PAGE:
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E-bike versus moped tires

Started by Altema, October 08, 2022, 04:28:54 PM

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I did yet another group ride with gas mopeds and motorcycles, and ran into some tire problems with the continuous high speed. Well, not really tire problems, but problems with Tannus Armour causing tube failures, and I'll discuss that specifically in another post. So as a result of TWO flats in a row on the same ride, the owner of the moped shop hosting the event suggested I try something more durable. I purchased a set of Shinko "Golden Boy" tires, which are extra thick knobby tires, and the matching tubes. Installation was difficult due to the thickness, but with a helper I got them mounted. A photo is below of the two types of tires, and I chose the one on the left.

First thing I noticed is how stable they are. Taking my hands off the handlebars, there was not a hint of wobble. Matter of fact, I had trouble changing direction with my hands off the bars. Secondly, I don't think I would ever get a flat with these, and I bet they are better in sand and snow. High speed handling is good, and they are actually rated for 93mph, which I won't be doing!

Now for the downsides. These tires are heavy at 5.9 pounds each, then add another pound for the tube. That comes to almost 14 pounds versus 7.4 pounds total for the Kenda tires and tubes. You might think this is not a big deal, but that 14 pounds of rubber and cord is on the rim of the wheel, and rotating mass is quite a bit different from just having extra static weight in your backpack. The bike accelerates more slowly and takes longer to stop. Then there's the friction. Tires "flatten out" where the rubber meets the road, and with the tread blocks being so thick, this means the blocks move closer together as soon as they meet the pavement. What do you get when rubber blocks get closer then spread back out? Friction, and that friction creates enough resistance that the bike feels like the brakes are dragging. You stop pedaling and the bike slows down immediately. It literally takes more power to get up to speed, and more power to maintain that speed. And since the drag is always there, it reduces top speed as well. Not just on a Rad bike either. A friend of mine has these tires on a dual motor 3000 watt Ariel Rider Grizzly, and he lost  several MPH off his top end.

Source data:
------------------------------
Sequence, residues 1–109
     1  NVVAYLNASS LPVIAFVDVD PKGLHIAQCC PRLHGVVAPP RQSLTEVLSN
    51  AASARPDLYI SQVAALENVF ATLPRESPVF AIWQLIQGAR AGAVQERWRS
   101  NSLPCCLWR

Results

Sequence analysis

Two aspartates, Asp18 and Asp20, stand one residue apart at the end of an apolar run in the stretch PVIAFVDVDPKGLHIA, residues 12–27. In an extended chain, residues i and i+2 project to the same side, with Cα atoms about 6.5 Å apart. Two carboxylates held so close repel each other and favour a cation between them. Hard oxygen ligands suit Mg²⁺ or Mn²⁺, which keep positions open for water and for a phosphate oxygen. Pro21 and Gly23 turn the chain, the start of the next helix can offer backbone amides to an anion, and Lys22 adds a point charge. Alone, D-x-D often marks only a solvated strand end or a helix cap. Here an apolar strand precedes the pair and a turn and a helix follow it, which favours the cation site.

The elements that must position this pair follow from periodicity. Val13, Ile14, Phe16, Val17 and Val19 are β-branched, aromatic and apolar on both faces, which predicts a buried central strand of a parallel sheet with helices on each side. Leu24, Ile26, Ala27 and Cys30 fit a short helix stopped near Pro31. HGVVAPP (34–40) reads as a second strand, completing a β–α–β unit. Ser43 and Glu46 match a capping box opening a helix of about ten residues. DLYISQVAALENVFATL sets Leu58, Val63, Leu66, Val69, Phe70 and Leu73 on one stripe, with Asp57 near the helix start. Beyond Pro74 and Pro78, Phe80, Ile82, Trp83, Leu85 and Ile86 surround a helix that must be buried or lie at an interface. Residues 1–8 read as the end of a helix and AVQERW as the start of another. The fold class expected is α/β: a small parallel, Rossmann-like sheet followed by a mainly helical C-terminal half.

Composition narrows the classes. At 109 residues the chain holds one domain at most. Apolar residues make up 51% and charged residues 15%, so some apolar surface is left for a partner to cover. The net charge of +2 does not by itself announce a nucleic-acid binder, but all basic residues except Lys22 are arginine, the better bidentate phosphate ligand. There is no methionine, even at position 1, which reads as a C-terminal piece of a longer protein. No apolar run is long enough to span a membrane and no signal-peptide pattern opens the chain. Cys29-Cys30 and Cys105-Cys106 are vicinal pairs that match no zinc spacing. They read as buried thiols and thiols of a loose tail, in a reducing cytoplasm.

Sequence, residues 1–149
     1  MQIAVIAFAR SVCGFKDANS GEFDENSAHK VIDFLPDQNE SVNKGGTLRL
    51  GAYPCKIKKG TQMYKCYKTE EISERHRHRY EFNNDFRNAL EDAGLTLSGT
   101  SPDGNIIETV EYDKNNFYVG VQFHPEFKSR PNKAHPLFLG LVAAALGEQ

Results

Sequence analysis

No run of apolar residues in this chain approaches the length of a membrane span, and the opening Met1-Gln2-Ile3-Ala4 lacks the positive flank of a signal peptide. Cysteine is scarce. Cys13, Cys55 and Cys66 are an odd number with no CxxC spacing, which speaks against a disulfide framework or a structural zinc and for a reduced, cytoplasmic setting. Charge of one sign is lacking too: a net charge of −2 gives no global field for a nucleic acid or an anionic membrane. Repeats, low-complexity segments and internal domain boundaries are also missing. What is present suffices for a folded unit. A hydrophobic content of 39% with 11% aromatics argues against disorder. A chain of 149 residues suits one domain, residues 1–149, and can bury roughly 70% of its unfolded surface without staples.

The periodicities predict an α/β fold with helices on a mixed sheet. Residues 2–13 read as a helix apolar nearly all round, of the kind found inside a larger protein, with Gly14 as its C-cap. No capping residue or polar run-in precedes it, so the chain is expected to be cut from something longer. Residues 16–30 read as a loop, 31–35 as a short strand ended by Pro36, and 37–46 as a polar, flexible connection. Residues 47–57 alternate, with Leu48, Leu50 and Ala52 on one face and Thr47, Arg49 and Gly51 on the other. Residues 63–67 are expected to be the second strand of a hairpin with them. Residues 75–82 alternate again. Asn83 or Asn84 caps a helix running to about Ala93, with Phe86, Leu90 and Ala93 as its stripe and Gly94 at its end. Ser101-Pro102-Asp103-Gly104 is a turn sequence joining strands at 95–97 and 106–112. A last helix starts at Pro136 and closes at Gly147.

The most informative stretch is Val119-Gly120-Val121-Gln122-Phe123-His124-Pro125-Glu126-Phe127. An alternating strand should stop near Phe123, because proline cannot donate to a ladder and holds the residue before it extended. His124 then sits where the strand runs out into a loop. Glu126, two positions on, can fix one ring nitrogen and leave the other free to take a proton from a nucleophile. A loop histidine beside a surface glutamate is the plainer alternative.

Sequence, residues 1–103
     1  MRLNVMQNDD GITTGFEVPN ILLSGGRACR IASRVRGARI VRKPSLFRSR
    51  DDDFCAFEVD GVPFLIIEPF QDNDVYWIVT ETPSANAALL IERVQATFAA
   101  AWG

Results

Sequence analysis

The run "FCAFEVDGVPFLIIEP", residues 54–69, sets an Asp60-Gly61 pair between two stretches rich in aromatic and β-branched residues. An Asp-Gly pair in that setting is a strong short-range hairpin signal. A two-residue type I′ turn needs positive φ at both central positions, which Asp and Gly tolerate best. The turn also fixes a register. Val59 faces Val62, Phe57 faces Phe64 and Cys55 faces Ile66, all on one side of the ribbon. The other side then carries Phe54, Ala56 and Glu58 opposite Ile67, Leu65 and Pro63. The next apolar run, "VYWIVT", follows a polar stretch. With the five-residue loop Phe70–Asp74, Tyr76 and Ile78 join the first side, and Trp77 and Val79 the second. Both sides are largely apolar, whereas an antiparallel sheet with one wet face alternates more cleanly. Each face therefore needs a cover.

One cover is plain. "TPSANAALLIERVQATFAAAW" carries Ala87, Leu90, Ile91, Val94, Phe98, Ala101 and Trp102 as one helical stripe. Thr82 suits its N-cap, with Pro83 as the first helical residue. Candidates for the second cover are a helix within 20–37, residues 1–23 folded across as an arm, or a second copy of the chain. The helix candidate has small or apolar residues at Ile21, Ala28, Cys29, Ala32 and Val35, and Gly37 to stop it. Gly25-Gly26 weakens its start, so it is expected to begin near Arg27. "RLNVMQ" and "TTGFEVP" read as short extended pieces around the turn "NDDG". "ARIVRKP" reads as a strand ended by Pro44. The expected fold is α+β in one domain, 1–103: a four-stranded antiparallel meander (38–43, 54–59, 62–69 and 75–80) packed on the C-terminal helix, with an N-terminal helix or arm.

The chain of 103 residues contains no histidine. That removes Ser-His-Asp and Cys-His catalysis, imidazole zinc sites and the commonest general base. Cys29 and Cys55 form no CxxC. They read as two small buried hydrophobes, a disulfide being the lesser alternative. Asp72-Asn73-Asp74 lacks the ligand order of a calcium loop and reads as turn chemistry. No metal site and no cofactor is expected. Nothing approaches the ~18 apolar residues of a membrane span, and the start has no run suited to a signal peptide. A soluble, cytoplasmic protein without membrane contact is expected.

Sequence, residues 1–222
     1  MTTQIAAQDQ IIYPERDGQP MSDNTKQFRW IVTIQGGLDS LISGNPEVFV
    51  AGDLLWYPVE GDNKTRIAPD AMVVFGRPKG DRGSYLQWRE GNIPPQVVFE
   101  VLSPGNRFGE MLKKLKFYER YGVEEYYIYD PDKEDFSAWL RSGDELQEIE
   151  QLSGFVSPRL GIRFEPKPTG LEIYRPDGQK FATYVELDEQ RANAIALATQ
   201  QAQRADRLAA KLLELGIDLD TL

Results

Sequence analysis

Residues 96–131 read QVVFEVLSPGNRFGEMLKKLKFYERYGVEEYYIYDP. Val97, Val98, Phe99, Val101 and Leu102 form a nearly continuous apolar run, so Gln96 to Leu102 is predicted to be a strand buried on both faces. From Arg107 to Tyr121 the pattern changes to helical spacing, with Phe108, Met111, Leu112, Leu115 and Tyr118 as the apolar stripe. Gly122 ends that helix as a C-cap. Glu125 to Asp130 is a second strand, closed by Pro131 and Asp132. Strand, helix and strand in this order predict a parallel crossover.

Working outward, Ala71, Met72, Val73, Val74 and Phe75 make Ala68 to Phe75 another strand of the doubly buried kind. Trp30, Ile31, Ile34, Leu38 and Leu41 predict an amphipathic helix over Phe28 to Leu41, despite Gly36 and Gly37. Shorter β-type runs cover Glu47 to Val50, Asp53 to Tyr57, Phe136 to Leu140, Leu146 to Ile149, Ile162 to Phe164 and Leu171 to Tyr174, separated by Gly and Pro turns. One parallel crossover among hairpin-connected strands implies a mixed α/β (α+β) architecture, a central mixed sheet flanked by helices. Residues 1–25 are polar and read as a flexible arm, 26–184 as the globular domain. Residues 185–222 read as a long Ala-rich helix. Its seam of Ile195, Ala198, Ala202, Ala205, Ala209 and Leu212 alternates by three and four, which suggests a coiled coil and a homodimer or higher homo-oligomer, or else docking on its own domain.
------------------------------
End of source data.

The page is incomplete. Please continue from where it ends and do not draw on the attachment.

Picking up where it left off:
Despite the huge positive points, the deal breaker for me is that the bike no longer feels like a bike. It feels like a heavy moped and the pleasure of pedaling is gone. This would be fine if it was used just for commuting, but I often ride for pleasure. On normal pedal assist I'd be using 250 to 275 watts. Now it's 400 watts, and the the bike feels like it's dragging the moment you stop pedaling.

So I went through the work of changing to the original Kenda tires, without the Tannus Armour which I will never use again, and the bike is light and lively again. But of course I had to verify efficiency differences, and I logged two similar rides on the different tires to verify things. A screenshot of the datasheet is included, but to summarize, the Kenda ride had a higher average AND top speed, and used 172.34 watt hours of battery. The moped tire ride had a slower average and top speed, and used 233.11 watt hours of battery. This means that riding aggressively with my smallest battery (650Wh) will get me 27.53 miles on the Kendas, but only 19.58 miles on the Shinkos. Anyway, I prefer the feel of the Kenda tires, but may switch to the Shinkos for extreme conditions.